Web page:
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FDIC Providing Consumers Banking Information About Hurricane Katrina
Opens Toll-Free Consumer Hotline to Answer Questions, Help Consumers and Banks Connect


FOR IMMEDIATE RELEASE
PR-86-2005 (9-2-2005)
Media Contact:
David Barr (202) 898-6992
dbarr@fdic.gov

As part of the FDIC's efforts to assist bank customers and bankers affected by Hurricane Katrina, the agency is providing a new 24-hour consumer hotline and a dedicated web page that includes bank branch information for FDIC-insured institutions in damaged areas.

Callers seeking information about accessing their banking accounts, lost records, ATM cards, issues with direct deposit, and how to reach their bank can contact the FDIC. The FDIC is maintaining a searchable list of banks that are working with displaced people and will update the consumer contact and branch information continuously as the information becomes available to the FDIC. More than 250 FDIC employees have volunteered to help staff the hotline.

The FDIC is currently contacting FDIC-insured institutions within the affected disaster zone in Alabama, Mississippi, and Louisiana and is maintaining an up-to-date data base on its web site identifying the operational status of financial institutions, including their ability to process payments.

"I want to assure consumers that their money is safe and it's there," said FDIC Chairman Donald Powell. "The FDIC is doing everything in our power to quickly restore basic banking services to Hurricane Katrina's victims, and that includes helping to open up the communication lines between customers and the bankers who can serve them at this crucial time.

"Bankers are working hard to ensure that customers can get to their accounts. The American people and the American banking industry are very resilient and we will work through this tragedy. Banks are the cornerstone of any community and they will be on the front lines helping communities rebuild in the wake of this tragedy. Bankers will extend both a helping hand and credit."

Earlier this week, the FDIC asked banks it regulates to do what they can to assist consumers with their banking needs due to the disaster by encouraging banks to: waive ATM fees and increase daily withdrawal limits; ease restrictions on cashing out-of-state and non-customer checks; make it easy to open checking accounts without usual documentation/paperwork; waive overdraft fees as a result of paycheck interruption; allow loan customers to defer or skip some payments; provide short-term loans for living expenses; ease credit card limits; and delay delinquency notices to credit bureaus.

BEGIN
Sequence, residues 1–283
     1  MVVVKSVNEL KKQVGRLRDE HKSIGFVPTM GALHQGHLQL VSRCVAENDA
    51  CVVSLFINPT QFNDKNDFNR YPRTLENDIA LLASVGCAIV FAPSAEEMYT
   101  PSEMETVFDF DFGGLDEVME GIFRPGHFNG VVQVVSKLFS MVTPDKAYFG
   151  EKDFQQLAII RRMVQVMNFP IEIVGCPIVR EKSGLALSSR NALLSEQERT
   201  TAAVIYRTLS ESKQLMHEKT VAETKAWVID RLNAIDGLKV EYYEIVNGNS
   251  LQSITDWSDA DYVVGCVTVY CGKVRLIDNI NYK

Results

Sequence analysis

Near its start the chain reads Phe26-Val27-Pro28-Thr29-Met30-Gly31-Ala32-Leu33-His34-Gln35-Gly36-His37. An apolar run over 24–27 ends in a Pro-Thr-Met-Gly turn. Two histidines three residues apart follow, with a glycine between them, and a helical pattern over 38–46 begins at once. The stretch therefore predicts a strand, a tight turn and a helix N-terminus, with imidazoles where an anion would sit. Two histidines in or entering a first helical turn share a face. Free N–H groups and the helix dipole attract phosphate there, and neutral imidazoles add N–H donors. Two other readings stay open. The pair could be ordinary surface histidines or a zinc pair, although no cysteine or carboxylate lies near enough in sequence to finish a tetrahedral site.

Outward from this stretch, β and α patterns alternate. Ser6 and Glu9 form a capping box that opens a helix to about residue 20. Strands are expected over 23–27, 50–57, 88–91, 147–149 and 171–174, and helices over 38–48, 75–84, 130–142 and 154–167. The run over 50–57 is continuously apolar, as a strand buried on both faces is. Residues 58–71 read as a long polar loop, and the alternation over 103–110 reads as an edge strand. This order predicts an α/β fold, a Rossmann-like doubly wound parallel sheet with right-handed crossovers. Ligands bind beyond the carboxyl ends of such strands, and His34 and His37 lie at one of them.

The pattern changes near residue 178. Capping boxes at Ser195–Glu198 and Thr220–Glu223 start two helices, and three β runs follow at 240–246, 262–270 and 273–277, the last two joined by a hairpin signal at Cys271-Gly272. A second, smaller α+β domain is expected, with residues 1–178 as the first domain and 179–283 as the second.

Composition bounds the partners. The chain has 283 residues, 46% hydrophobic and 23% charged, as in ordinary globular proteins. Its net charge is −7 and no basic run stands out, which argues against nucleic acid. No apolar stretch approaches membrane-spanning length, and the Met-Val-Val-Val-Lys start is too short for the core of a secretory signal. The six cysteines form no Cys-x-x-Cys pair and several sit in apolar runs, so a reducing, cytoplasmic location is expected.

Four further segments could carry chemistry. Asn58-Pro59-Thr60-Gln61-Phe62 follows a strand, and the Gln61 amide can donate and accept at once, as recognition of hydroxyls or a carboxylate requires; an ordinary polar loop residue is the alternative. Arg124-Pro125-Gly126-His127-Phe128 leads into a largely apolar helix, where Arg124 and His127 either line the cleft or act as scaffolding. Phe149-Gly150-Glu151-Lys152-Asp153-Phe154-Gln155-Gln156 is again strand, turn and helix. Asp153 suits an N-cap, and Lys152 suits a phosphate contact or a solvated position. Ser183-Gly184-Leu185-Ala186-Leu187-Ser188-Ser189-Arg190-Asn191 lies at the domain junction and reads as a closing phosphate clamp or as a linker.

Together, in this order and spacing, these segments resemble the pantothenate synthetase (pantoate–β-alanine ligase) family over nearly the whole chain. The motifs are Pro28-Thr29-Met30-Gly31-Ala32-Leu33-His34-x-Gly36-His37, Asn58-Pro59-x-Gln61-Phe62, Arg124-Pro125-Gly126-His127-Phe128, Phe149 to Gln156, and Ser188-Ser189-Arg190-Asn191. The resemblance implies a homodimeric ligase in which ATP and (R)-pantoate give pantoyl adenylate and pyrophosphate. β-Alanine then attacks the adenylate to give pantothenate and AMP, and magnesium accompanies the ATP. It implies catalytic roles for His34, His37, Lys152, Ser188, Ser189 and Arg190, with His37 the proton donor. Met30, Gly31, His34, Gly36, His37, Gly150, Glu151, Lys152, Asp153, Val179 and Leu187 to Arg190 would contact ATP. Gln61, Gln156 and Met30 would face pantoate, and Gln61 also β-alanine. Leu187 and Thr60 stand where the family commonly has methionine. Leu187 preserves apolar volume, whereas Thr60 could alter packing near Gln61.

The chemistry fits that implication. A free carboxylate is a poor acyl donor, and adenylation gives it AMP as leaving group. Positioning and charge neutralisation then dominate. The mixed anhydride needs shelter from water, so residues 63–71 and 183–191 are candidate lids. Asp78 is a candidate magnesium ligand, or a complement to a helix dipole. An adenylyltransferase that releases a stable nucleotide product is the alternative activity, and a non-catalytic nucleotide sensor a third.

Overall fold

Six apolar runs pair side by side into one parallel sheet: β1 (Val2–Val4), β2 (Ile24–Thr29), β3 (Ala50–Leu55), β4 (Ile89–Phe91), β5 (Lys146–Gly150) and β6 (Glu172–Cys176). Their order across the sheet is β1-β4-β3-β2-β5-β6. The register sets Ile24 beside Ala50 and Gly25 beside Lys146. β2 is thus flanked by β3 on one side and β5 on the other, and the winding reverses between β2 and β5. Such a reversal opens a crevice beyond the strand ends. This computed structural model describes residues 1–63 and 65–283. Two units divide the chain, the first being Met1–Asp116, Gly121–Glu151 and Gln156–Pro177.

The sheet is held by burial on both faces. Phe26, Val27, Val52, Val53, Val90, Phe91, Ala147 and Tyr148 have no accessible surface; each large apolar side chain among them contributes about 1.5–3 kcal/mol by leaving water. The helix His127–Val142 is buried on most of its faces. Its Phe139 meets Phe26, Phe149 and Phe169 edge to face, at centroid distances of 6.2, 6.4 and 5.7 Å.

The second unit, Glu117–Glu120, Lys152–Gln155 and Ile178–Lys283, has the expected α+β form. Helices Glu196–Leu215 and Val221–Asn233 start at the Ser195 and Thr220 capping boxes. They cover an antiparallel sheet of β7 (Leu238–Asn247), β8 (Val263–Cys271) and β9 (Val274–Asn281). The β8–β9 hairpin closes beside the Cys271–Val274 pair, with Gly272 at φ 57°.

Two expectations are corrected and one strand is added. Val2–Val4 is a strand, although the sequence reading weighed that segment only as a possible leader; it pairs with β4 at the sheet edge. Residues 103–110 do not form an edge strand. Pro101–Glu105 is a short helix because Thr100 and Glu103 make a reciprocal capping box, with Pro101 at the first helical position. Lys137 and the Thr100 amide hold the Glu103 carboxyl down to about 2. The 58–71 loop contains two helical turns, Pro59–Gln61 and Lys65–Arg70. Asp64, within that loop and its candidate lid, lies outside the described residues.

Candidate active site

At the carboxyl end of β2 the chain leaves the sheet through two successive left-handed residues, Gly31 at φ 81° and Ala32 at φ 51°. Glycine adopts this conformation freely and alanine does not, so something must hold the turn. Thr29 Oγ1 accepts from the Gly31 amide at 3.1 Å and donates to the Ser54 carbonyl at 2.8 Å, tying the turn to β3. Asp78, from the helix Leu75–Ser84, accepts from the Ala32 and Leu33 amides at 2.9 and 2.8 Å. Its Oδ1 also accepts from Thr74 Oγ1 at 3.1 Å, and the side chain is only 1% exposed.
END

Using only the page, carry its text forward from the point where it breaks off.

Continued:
This and other information for consumers and bankers is available on the FDIC Web site at www.fdic.gov/news/katrina/index.html or by calling the FDIC's toll-free Call Center at 1-877-ASK-FDIC (1-877-275-3342).

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Congress created the Federal Deposit Insurance Corporation in 1933 to restore public confidence in the nation's banking system. The FDIC insures deposits at the nation's 8,868 banks and savings associations and it promotes the safety and soundness of these institutions by identifying, monitoring and addressing risks to which they are exposed. The FDIC receives no federal tax dollars insured financial institutions fund its operations.

FDIC press releases and other information are available on the Internet at www.fdic.gov, by subscription electronically (go to www.fdic.gov/about/subscriptions/index.html) and may also be obtained through the FDICs Public Information Center (877-275-3342 or (703) 562-2200).




Last Updated 9/2/2005 communications@fdic.gov